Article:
For the government, it is necessary to increase the publicity and promotion of relevant rural ecotourism policies, so as to enhance local residents’ awareness of the relevant policies; increase the incentives for local residents of active participation; increase the incentives for enterprises that substantially implement rural ecotourism and the penalties for enterprises that falsely implement rural ecotourism; and improve the monitoring system to dynamically monitor the implementation of rural ecotourism projects by enterprises. It will increase the likelihood of fraudulent rural ecotourism projects being detected by tourism companies. The government should place rural revitalization in a prominent position, take the construction of a rural revitalization demonstration belt as an important grasp, plan carefully, highlight the characteristics according to local conditions, make full use of the linkage and radiation of the surrounding characteristic towns, and build a rural revitalization demonstration village with high standards. In addition, the local government should establish a fast and smooth information network, adopt modern information means such as e-commerce, negotiate projects through the Internet and other forms, and strive to expand online investment, while implementing entrusted investment or intermediary investment.
(2)
For tourism enterprises, the pursuit of profit maximize is their goal. However, rural ecotourism projects are heavily invested, and because returns are difficult and slow to achieve in the short term, tourism enterprises may be reluctant to undertake substantive implementation of rural ecotourism projects. If tourism enterprises falsely implement rural ecotourism projects, they will suffer a loss of overall social benefits. Therefore, tourism enterprises should also take social responsibility, have a long-term vision and respond to the government’s call to implement rural ecotourism projects for local residents, so as to better serve rural revitalization.
(3)
For local residents, they should change their traditional concepts, actively learn about the relevant rural ecotourism policies, and actively participate in rural ecotourism projects with the help of the government and tourism enterprises, so as to successfully realize their own poverty alleviation and re-employment, improve their own skills and meet the needs of rural revitalization. At the same time, based on the actual demand for the development and operation of rural eco-tourism resources, local residents are provided with skills training in the dissemination of rural eco-tourism cultural resources, the transmission of special skills and the operation of B&Bs, so as to expand the audience for vocational education and strengthen the effectiveness of vocational education.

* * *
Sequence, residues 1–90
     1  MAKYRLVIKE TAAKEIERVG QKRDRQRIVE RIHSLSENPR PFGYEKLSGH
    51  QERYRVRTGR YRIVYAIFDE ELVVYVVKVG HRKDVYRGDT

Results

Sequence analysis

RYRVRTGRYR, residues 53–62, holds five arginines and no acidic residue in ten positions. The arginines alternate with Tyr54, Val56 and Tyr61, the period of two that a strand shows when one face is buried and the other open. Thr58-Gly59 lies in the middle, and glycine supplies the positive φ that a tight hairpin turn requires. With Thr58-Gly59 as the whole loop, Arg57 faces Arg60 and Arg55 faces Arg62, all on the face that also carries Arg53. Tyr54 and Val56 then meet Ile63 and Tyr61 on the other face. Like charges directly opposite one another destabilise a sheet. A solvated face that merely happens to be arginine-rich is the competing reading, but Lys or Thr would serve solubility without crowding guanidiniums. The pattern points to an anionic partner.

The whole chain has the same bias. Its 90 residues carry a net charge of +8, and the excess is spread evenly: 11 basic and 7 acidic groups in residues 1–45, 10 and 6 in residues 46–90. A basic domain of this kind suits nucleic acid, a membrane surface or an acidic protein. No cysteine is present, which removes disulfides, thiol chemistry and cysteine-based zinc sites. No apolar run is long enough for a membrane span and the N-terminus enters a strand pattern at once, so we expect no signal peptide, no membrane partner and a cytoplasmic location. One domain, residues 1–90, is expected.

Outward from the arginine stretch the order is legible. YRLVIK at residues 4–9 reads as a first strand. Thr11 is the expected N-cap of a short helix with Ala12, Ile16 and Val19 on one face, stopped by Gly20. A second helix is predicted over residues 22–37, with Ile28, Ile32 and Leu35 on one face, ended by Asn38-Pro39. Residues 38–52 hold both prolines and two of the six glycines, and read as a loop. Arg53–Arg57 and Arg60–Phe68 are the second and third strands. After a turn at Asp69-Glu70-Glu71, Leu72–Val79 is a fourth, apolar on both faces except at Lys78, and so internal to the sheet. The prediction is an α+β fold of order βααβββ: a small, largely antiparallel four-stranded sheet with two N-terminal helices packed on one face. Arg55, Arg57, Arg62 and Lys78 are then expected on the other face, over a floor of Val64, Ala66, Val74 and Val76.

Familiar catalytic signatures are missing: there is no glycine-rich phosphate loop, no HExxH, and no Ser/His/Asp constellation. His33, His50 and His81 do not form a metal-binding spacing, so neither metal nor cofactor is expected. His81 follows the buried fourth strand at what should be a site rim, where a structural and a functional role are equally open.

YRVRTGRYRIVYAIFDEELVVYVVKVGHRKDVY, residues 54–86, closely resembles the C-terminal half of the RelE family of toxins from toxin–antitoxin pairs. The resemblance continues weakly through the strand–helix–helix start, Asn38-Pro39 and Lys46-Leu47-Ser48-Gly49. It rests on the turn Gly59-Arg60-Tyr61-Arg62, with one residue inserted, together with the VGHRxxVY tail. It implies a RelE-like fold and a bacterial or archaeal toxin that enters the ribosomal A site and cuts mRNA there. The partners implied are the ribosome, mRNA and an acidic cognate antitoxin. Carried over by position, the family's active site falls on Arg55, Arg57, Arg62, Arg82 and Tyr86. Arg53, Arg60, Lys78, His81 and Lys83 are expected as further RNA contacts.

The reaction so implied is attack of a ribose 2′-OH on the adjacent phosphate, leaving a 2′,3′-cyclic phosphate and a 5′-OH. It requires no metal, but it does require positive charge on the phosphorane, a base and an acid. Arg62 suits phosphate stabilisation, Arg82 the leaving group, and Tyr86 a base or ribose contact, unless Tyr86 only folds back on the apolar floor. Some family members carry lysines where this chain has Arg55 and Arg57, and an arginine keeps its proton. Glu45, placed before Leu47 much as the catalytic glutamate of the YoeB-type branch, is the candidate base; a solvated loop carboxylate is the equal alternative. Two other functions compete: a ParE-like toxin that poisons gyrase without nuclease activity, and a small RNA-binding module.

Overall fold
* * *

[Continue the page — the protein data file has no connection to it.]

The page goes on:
5.4. Limitations and Future Research

Although this study has significant theoretical and practical implications, it also has several limitations that could be explored in future research. The first is that the parameters of the evolutionary game payment matrix do not take into account all the factors affecting rural ecotourism. And the second is that some of the parameters of the payment matrix may not be precisely assigned due to the constraints of the survey respondents and conditions, which is where further research should be conducted in the future. In addition, other players are important subjects that should be considered when establishing the evolutionary game model. Future research may investigate more stakeholders or consider the technology innovation, innovation ecosystem with the poverty areas to ecotourism

Author Contributions

Conceptualization, K.S. and Z.X.; methodology, Z.X. and K.S; software, W.L.; validation, K.S. and Z.X.; formal analysis, K.S.; investigation, K.S.; resources, X.C.; data curation, Z.X.; writing—original draft preparation, K.S.; writing—review and editing, K.S. and Z.X.; visualization, Z.X. and K.S.; supervision, X.C.; project administration, Z.X.; funding acquisition, Z.X. All authors have read and agreed to the published version of the manuscript.

Funding

This work is supported by the NSFC No. 72032008 and Zhejiang University of Technology Research Start-up Grant No. 2021132006129.

Data Availability Statement

Data is contained within the article.

Conflicts of Interest